Flight 482, set to depart Seattle, enroute for San Diego at 3:40pm. All is going well, I even got the last upgrade and am seated comfortably in 1D when (being the first customer in the plane and closest to the flight attendants) I hear rumblings about the "weather radar" and needing to call a mechanic for a part. I pull open my iPad and check FlgihtTracker and it tells me our estimated departure time is now 5:05pm. I know this before the crew it seems.

Turns out not to be that bad, but we endure a 35 minute flight delay as the part is installed and tested. During this time, some of the best flight attendants I've had do their best to apologize and calm these Sunday afternoon travelers. Kim, Amy and Stephanie deserve special mention (I will be sure and include that on my comment card after this flight).

All good, the part tests out, check. Safety demo complete, check. AS482 heads out on the runway at Sea-Tac and I'm calculating the delay in my head to determine if I need to text Pam and ask her to DVR tonight's Dexter episode when we just kind of stop. We've backed up from the gate, flight attendants are seated and we just kind of stop.

And we head back to the gate, this time it seems the in-flight A/C is malfunctioning. Same routine, Kim does her best to make the announcement and avoid passenger mutiny, and we wait. This fix is faster than the first and the mechanic is on and off the plane in less than 10 minutes. Part installed, check. Tested, check. And we enjoy the safety demo for the second time on this flight - because the door was opened. FAA regulation apparently.

Our patience is openly and authentically appreciated (I actually feel this) as expressed in the announcement and as we begin to push back from the gate the flight attendants hand out a card attached to a post card with the header "Our Apology". It entitles everyone inconvenienced on the flight today to 1,000 bonus miles in our Alaska Airlines Mileage Plan account. Great! As a member for many years, that will be 1/20th of the way to MVP status next year for me. A gesture very much appreciated for what in the scheme of things is a minor delay.

Then I get to thinking, and listening to those around me. What if I don't collect miles on this airline or have a Mileage Plan account? What if this is the only time I ever fly Alaska? Sure the card gives you an option to sign up, but that makes the conciliatory offer a little less genuine perhaps? There are always cost controls to manage and "breakage" on these kinds of offers, but I wonder if my favorite airline has run the numbers on a "let's make it up to you" offer that gives their customers a choice? Maybe $25 to use on future Alaska Airlines travel? For non-Mileage Plan members that could pay for checked baggage or change fees if plans change, or a cocktail or snack pack. I should, but I don't know the cost per point, but I assume 1,000 points is likely in that range.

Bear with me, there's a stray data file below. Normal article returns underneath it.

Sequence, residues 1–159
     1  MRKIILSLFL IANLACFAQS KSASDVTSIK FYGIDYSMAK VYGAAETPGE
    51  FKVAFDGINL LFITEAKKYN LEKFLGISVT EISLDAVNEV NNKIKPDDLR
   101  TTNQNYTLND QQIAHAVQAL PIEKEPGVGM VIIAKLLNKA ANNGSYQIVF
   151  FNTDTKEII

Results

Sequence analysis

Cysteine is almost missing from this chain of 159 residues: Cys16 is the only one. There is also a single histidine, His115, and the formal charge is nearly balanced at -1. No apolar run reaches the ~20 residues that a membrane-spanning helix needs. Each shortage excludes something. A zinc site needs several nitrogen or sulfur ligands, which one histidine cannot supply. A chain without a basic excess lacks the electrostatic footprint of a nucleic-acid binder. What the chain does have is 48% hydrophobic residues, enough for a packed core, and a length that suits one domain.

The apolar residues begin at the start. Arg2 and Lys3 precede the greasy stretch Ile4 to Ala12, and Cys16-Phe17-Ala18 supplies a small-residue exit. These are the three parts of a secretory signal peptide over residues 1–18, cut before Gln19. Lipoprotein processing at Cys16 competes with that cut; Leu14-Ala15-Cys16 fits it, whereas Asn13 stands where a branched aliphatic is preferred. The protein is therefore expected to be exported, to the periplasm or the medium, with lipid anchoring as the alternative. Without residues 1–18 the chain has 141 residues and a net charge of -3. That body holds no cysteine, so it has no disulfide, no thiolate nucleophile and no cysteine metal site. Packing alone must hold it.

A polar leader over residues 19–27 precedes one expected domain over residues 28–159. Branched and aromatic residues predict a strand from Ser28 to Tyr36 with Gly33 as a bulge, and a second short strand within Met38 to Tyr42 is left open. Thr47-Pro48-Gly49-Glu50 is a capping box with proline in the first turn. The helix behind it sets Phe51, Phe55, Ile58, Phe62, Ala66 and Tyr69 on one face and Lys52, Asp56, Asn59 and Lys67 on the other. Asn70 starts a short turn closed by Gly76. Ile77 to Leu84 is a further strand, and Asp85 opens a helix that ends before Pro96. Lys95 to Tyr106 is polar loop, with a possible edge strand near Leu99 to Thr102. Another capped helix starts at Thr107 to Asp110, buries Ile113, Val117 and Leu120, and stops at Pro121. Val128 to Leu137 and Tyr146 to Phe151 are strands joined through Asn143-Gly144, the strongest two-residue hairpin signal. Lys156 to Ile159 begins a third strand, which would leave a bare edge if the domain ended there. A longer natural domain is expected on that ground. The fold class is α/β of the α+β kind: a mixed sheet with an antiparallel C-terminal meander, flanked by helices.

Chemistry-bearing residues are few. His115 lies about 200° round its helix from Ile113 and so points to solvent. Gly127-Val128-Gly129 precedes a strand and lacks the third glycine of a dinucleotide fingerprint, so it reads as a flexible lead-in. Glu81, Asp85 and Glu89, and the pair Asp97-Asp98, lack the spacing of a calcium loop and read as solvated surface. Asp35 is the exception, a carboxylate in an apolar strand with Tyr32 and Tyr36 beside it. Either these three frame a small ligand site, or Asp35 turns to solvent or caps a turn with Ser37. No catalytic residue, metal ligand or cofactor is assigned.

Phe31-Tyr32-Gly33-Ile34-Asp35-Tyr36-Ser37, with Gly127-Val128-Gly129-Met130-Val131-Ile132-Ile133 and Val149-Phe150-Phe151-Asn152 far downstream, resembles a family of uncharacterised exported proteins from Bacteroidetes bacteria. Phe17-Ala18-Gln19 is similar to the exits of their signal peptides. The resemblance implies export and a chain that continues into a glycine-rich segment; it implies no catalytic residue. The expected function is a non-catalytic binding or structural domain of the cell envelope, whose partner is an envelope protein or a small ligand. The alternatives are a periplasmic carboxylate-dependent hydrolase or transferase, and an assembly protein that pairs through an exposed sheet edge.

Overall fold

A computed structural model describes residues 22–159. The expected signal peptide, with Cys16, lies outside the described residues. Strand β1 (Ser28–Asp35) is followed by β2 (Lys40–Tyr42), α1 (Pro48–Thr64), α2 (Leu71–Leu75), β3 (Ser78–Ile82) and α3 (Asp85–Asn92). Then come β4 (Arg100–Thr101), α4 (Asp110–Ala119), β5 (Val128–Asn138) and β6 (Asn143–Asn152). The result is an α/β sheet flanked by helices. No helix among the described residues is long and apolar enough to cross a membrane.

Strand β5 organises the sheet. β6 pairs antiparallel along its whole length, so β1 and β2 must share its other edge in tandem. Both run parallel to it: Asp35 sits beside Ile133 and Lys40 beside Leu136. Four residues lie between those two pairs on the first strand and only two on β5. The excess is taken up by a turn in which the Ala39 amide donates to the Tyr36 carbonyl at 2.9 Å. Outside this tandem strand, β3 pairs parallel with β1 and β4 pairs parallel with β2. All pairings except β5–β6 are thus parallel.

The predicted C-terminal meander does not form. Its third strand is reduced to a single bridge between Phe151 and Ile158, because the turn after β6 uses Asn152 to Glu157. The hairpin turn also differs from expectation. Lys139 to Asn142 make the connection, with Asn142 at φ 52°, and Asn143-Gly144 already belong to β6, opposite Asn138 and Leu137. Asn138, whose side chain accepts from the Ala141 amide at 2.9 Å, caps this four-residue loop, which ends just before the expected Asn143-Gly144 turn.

Costs aside, I have to believe the benefits of giving their customers a true choice, even if it is for future Alaska travel, would go further than a one-size-fits-all 1,000 points. As we reach our cruising altitude Kim informs us of another benefit on today's flight, free GoGoInflight WIFI, courtesy of Honda. All I had to do was watch an ad for the cool new CR-Z and give them my email address (they did give me the choice right there to opt-out of future offers) and land on a Honda page promoting the car:

I am a loyal Alaska Airlines traveler - they have the best options and the best service up and down the west coast, and I am appreciative of the 1,000 miles. But the lesson here for me today, seen in action, was give customers a choice and the apology is that much more valuable. And the other lesson? GREAT customer service goes a very long way. Kim and her crew have been serving and working with pride and it shows, even on one of the bumpiest rides I've experienced in months.

Friday, December 3, 2010

Dear Pilot, I just discovered a new product opportunity for you!

I am at Gate C-12 in the Seattle-Tacoma Airport, directly across from the Hudson News store. I had arrived in plenty of time for my connecting flight to Kelowna, BC and was catching up on email. Then I remembered I am actually entering another country, the country of my birth, and it requires that I fill out a Customs Declaration Card.

No biggee - I pick one up from the gate agent to discover I have no pen. Just my trusty mechanical pencil. No dice for filling out an official government form.

Ah ha - Hudson News will have one! And yes indeed, I debate between the plain blue Bics, or the Seattle souvenir types when I spot it - the Pilot G2-Pro, black ink, fine tip just like I like it. And I grab a pack of Rolos for the flight.

Then it hits, I CANNOT get the plastic "impenetrable-by-humans" packaging open. You know the kind I mean, that rips your hands if you even try without scissors. So I ask the gate agent if they have a pair I can borrow. WHAT am I thinking - we are in a secure airport at a boarding gate. No dice x2. I can run to the Guest Services Desk 10 gates away and miss my flight?

So Pilot ... I'm thinking, you probably sell a lot of pens in airports, with Hudson News and others. What a HUGE product opportunity, a package that you can actually open without sharp objects. Airport safe. And I can imagine there are countless other brands too, who could substantially improve their customers' experiences by developing something easy to open, airport safe.

Have no fear, I am now on the plane, seat 12D, with a bandaid on my right thumb.